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Market-oriented Programming

Developing applications where many individual agents interact with each other has the potential to create very powerful applications, however it can also be extremely difficult to ensure that the agents work together efficiently. It has been decades since someone realised that multiagent systems could benefit from mimicking the market economy, where each individual tries to attain it's own goals, each performing it's own cost/benefit analysis and taking the best (for itself) alternative. For my Agents class at the University of Auckland in 2005, I did a survey of the field of market-oriented programming, and then implemented an example. You download the reports below.

A Survey of Market Oriented Programming

A survey covering both early and contemporary implementations and theories regarding market oriented programming. Disclaimer: having been written in March 2005 in a very short time, it may be out of date and/or omit relevant studies. Provided "as is" :)


Automatic Division of Labour in Multiagent Systems

This is a report for a project I did in April 2005. It uses as an example a vritual farm where different products can be produced. The goal of the programmer is to create a multiagent system that maximises the amount produced. In my implementation, agents are "paid" for what they produce, and each agent simply tries to maximise its own profit. When considering that it takes time to change jobs, and that diseconomies of scale can decrease production in popular products, the agents soon specialise. An advantage is that if disaster should strike, such as when suddenly half of the agents stop functioning, the other agents can automatically reallocate themselves to a new, efficient configuration.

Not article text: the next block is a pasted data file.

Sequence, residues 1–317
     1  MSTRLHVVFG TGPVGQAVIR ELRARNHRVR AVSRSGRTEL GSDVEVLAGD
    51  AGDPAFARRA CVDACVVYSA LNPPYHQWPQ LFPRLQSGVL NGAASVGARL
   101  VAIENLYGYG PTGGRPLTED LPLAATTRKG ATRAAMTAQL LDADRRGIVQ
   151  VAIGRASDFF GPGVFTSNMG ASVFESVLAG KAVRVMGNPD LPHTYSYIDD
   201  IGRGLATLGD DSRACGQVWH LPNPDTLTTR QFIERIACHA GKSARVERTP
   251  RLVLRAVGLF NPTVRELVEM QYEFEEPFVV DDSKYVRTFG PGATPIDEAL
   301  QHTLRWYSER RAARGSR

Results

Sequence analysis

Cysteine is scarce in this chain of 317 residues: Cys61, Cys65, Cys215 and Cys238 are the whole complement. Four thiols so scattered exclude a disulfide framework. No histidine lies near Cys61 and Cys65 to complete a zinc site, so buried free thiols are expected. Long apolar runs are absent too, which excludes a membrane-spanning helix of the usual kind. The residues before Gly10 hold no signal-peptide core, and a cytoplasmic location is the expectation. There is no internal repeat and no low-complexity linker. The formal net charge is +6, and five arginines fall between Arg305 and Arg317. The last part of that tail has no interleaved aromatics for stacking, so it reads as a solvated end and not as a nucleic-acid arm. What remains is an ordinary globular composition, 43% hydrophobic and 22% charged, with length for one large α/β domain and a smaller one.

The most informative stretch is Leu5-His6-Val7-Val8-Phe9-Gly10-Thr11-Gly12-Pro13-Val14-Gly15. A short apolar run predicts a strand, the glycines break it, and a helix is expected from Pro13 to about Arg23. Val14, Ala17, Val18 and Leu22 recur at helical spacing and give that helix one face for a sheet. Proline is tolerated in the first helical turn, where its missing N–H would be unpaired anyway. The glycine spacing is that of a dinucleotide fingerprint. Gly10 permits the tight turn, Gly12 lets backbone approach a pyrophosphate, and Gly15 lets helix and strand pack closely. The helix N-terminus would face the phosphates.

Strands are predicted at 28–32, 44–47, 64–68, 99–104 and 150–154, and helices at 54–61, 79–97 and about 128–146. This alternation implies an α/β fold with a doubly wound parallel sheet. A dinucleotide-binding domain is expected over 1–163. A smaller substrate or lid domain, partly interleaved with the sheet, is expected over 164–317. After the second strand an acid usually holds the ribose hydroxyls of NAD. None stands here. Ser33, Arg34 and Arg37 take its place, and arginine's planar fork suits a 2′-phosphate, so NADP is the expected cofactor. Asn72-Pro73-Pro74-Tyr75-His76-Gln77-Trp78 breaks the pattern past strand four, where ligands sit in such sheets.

Comments for this page
I got a website!!!
posted by Daniel Flower on 11/12/2006 8:25:10 a.m. (NZ time)
My name is also Daniel Flower! just wondered what I would find if I searched my own name... bizzare. Have a good one

posted by Angel Pollard on 9/01/2009 4:48:54 p.m. (NZ time)
good luck
posted by Angel Pollard on 9/01/2009 4:49:04 p.m. (NZ time)
good luck
posted by Thuong on 1/10/2012 12:05:00 p.m. (NZ time)
Hi Raphael; that's a good question but with so much to say! Building such a game reuqries quite a bit of work between entity-model rigging, animation importing, level importing, biped physics, etc. I would use, since you are using C#, XNA as your base game engine, then work on 1. Importing a level from Blender (look into reading *.obj file formats), 2. Building 2D biped models as physical bodies using Box2D, and finally 3. Import animations for those bipeds so that you can move them around. Good luck!
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